Rocky “Azucar” Romero – Representing the No Remorse Corps, Rocky didn’t stand too much of a chance in my mind, but the beauty of ROH is that stranger things have happened. Other than the very obvious jobber-types, there are no mid-carders who never win matches or never get any offense. Romero does have some wicked stiff kicks and a brutal arm-submission in his arsenal, so you never know…

Necro Butcher – No chance. The one-dimensional, psychotic mauler does not have the skill, stamina, or wrestling ability to get past such an impressive field of foes. He was on the card to provide one wild brawl through the crowd and go home.

El Generico – Now this is interesting. With both Generico and his tag team partner Kevin Steen in the tourney (and in opposite brackets), I thought I immediately saw where this was going: a showdown between partners and friends, whose dynamic has always been one of the big bully protecting his little buddy from others, while still kind of abusing him. What better way to salvage an evening that had been turned upside down by the weather than by presenting a tournament final of partner-versus-partner?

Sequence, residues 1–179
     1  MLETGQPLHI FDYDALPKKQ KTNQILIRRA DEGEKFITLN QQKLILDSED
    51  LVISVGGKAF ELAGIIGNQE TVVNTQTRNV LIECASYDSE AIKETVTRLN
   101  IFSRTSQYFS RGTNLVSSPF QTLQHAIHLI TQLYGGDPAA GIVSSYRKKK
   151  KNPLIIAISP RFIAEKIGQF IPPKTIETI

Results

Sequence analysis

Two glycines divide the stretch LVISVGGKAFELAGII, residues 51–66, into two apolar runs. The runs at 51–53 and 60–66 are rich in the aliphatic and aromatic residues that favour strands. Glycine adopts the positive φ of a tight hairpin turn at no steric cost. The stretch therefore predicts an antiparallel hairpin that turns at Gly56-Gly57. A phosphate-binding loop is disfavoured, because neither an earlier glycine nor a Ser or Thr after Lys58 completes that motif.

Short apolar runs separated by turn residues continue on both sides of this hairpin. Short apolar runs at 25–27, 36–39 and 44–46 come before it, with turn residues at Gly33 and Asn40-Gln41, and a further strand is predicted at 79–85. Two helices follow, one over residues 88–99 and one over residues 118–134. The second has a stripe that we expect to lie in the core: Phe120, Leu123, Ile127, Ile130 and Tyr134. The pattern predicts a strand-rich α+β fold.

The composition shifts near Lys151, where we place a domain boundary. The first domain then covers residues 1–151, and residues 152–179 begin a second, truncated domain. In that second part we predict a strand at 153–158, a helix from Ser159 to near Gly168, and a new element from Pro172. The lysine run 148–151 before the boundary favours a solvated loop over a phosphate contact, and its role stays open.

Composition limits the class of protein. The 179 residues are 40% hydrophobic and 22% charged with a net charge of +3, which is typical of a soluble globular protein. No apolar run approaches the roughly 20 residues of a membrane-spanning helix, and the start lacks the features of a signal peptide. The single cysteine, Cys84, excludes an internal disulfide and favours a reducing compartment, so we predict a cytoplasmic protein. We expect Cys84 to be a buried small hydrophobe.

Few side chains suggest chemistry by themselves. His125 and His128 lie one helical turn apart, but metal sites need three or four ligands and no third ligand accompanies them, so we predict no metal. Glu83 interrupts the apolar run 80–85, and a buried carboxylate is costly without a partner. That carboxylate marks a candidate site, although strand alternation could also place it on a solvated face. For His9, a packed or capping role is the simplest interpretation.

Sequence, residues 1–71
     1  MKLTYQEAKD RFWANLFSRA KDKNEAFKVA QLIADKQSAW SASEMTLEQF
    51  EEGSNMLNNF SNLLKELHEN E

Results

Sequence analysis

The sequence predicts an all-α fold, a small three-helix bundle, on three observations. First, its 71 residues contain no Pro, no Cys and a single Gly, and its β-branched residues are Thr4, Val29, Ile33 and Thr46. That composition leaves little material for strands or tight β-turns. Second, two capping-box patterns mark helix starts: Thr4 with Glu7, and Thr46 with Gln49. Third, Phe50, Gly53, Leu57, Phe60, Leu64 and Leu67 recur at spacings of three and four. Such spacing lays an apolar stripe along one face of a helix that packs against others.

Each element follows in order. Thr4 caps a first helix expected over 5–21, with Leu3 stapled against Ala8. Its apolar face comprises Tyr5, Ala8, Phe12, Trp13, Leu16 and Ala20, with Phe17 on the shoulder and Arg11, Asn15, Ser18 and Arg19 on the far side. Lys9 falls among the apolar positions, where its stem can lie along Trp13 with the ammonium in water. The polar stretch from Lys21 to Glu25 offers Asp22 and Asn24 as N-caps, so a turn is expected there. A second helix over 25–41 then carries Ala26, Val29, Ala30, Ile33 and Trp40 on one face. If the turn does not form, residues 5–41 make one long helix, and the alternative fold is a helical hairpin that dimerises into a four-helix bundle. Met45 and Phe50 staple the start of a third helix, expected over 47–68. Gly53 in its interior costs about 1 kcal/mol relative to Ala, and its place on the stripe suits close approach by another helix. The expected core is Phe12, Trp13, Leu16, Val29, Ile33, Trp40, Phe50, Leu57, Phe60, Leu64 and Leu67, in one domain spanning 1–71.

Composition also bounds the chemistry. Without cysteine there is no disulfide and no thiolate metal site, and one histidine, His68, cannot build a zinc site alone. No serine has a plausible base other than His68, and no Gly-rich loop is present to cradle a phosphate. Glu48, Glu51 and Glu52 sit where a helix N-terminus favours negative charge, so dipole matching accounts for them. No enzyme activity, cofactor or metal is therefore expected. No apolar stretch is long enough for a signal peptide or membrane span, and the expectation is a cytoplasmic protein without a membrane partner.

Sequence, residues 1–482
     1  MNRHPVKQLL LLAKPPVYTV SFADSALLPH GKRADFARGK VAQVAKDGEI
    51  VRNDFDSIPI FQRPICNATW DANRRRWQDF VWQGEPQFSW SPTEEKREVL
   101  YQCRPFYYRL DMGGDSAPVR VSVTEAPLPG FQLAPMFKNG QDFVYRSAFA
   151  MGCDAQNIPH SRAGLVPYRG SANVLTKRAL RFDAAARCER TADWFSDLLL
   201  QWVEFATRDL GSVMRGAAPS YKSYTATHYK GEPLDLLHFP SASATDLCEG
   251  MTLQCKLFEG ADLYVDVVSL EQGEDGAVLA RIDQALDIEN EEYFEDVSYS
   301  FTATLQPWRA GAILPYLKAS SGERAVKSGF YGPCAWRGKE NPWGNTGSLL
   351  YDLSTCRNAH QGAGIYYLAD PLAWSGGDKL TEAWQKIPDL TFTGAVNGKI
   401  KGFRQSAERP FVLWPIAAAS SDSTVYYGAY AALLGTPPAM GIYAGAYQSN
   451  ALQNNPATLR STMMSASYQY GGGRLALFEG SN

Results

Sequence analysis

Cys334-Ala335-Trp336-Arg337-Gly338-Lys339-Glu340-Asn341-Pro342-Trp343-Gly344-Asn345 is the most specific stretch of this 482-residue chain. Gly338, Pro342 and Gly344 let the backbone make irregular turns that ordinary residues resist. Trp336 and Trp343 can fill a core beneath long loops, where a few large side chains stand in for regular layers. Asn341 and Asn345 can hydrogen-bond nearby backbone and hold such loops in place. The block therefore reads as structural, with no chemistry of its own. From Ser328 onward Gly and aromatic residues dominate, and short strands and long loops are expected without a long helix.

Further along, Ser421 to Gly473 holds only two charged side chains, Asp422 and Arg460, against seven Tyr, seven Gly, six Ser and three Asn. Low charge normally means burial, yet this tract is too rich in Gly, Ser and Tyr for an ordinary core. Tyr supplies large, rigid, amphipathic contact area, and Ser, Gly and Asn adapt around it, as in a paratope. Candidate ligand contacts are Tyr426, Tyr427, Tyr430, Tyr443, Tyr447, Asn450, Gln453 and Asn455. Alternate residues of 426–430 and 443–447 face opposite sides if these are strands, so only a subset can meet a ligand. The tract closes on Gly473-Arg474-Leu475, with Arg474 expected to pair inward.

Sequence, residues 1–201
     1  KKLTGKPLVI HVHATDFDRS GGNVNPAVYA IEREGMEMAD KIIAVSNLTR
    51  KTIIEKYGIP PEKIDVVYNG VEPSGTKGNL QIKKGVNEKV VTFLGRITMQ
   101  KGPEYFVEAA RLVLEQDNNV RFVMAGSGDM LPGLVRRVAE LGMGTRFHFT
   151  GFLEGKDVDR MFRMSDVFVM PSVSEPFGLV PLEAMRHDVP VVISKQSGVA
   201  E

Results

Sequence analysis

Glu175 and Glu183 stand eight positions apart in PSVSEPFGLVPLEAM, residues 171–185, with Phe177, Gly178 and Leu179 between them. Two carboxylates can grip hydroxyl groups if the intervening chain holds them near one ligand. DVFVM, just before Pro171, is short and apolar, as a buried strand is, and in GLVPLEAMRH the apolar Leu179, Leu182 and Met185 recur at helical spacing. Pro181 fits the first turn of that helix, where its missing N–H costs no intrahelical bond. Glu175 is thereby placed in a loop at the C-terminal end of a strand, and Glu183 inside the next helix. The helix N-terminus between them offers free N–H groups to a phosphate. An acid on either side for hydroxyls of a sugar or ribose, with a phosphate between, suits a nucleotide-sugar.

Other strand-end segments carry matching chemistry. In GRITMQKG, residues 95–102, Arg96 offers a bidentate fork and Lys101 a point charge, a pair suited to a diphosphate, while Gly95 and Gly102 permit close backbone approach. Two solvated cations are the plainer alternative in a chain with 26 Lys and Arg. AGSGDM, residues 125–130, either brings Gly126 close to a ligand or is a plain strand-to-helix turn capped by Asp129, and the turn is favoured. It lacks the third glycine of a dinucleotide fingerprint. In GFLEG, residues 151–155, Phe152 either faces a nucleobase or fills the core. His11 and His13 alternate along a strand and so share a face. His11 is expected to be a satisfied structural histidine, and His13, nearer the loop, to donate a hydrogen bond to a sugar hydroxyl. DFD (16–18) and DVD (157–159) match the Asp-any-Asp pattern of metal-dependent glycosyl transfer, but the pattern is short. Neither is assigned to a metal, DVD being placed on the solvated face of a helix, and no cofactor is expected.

“Mr. Wrestling” Kevin Steen – As I stated, Steen and Generico meeting in the finals would be a wonderful way to shine some light on this thrown-together card and get people talking about how even when things go wrong for ROH, they respond with greatness. Knowing the details of how this tourney came to be, the second I saw these two in opposite brackets, I predicted my first look at El Generico versus Kevin Steen, with a world title shot on the line.

They came roaring out of the gate with Bryan Danielson in the opening match. The announcers and the match itself got over two important points in this contest: 1) Danielson had a leg injury before the night began, and was concerned about protecting it because; 2) he’d be facing McGuinness for the gold the following night, so he didn’t need to take too many crazy chances or absorb a ton of punishment in this one.